As the Armenian side has declared, there were very minor losses among the civilian population. We cannot verify those claims, but despite the large scale of our counterterrorism measures, almost no civilians were targeted. There were no civilian casualties, despite the scale of the anti-terrorism measures. And we'd assured the population that they would not be targeted. And we'd assured that Azerbaijan is ready to provide security and safety.

Question 1

My first question concerns Azerbaijan's plan and guarantees for the civilian population in Karabakh, most importantly ethnic Armenians, including unarmed men – not only women – and military personnel who have laid down arms and want to live in peace, without showing resistance to the Azerbaijani army. Is it possible to save their lives and ensure their safety? Can Azerbaijan guarantee it? If so, what steps can you take to make it happen?

Question 2

What about common people in Armenia? There is no easy conversation between the two nations in Karabakh. What about common people in Karabakh now? For example, if I am a common Armenian woman who is afraid of Azerbaijani troops. I doubt they will act like gentlemen. I know all about the history of our two nations. I read newspapers, maybe some propaganda too. And I'm scared. I want to hear a clear signal from Azerbaijan, from Baku to Azerbaijani troops. That they can’t rape. They can’t be strongmen. They must save common people and keep them safe. Maybe I’d like to see the police before the troops. Do you see what I mean? I’m scared for my life. Can you send a clear and strong signal for the whole world to hear, to Azerbaijan troops and common people in Karabakh? That you don't want to cause trouble for common people when Azerbaijan troops crack down on the Karabakh state.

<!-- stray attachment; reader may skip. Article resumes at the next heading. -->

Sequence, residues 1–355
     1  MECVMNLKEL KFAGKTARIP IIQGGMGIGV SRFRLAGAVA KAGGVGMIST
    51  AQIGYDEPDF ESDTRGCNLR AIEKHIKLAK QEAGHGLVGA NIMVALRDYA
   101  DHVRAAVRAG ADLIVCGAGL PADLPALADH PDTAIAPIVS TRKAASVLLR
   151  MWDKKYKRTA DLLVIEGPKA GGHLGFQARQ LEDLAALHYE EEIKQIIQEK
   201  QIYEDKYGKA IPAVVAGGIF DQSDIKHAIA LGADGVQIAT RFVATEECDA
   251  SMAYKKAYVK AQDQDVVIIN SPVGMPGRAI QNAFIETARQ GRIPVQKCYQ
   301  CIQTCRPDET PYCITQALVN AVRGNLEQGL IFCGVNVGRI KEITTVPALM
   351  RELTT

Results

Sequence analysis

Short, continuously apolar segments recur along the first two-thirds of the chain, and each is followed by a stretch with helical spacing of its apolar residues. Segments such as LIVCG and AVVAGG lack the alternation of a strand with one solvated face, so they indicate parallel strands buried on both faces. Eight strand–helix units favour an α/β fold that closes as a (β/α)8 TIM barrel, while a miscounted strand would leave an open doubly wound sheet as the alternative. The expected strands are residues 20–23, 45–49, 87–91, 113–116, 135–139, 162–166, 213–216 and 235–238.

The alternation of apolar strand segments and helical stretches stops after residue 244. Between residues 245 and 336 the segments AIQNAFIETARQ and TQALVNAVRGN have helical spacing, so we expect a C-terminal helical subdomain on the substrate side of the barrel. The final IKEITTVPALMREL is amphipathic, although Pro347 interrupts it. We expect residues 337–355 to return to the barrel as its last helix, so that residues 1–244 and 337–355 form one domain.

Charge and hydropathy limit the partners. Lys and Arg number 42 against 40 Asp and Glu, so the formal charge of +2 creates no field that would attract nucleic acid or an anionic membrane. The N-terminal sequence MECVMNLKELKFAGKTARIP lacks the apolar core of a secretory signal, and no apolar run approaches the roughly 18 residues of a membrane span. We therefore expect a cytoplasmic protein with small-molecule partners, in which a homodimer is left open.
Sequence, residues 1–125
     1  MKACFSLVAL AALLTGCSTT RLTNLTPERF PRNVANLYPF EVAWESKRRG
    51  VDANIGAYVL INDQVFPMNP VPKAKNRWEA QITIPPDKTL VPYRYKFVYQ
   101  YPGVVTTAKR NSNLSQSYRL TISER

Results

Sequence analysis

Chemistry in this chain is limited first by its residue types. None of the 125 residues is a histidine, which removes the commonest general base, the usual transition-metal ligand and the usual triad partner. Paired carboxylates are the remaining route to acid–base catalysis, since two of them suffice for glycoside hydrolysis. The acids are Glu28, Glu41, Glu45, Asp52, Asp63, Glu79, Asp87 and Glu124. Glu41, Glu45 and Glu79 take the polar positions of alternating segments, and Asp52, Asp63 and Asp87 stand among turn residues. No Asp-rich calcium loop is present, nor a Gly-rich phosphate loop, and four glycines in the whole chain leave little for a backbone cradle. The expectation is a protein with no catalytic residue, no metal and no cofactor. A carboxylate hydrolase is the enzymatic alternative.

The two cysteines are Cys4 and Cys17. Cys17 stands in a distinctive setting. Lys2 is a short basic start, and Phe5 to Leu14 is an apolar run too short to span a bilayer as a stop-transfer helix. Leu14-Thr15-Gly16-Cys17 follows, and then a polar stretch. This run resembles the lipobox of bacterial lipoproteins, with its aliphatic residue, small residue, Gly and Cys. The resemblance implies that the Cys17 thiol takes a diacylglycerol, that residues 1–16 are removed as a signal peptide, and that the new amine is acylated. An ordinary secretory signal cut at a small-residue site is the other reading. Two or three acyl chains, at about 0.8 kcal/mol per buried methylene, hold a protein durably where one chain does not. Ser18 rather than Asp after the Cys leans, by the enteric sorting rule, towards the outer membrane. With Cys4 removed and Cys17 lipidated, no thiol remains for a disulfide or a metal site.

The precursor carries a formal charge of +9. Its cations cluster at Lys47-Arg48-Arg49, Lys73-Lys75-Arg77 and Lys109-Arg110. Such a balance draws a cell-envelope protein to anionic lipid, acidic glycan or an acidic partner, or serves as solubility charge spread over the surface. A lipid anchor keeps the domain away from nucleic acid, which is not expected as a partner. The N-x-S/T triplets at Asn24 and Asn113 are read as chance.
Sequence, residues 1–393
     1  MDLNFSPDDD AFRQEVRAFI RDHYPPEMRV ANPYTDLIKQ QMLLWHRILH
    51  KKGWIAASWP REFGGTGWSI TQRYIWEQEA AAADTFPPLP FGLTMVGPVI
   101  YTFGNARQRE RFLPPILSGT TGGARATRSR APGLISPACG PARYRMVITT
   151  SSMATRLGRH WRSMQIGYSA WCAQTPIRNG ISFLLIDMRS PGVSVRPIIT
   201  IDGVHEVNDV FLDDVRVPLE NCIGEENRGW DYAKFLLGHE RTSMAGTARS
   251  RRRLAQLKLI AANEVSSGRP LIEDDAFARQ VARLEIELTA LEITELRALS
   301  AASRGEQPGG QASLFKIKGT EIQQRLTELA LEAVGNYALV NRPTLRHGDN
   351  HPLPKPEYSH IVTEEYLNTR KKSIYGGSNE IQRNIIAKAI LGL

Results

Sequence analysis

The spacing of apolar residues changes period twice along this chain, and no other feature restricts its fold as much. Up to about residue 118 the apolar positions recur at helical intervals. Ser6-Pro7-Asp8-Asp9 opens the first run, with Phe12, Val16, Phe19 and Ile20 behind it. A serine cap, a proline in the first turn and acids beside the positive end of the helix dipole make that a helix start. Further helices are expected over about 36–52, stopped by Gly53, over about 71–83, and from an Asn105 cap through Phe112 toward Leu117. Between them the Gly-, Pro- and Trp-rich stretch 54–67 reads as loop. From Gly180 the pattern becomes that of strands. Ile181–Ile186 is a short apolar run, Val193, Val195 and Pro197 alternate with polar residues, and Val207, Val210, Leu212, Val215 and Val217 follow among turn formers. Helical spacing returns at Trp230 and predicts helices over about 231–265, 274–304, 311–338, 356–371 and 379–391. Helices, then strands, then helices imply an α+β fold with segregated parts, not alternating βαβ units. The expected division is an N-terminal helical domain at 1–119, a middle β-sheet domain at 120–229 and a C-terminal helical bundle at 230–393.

Question 3

What is the status of the humanitarian corridor for those who want to leave Karabakh? Is it possible now or not? Because we are getting controversial signals. And I don't know who is right and who isn’t.

Question 4

How do you assess the Armenian government's commitment to avoiding escalation? I understand [Armenian Prime Minister Nikol] Pashinyan issued a statement to this effect yesterday. I’m speaking about his statement about not escalating the conflict. Are you on the same page with him on this?

September 19, 2023, Stepanakert
September 19, 2023, Stepanakert
Siranush Sargsyan / PAN Photo via Reuters

Azerbaijan has used very high-precision weapons for this operation and these measures. Almost no civilian facilities were hit. We do understand the history between our nations. But when we look back at the large-scale 44-Day War, we can see that civilian casualties from the Azerbaijani side were much higher than the civilian casualties of the Armenian side. That means that Azerbaijan has never targeted the civilian population.”

On the humanitarian corridor and its safety

The exact wording of the question can be found here.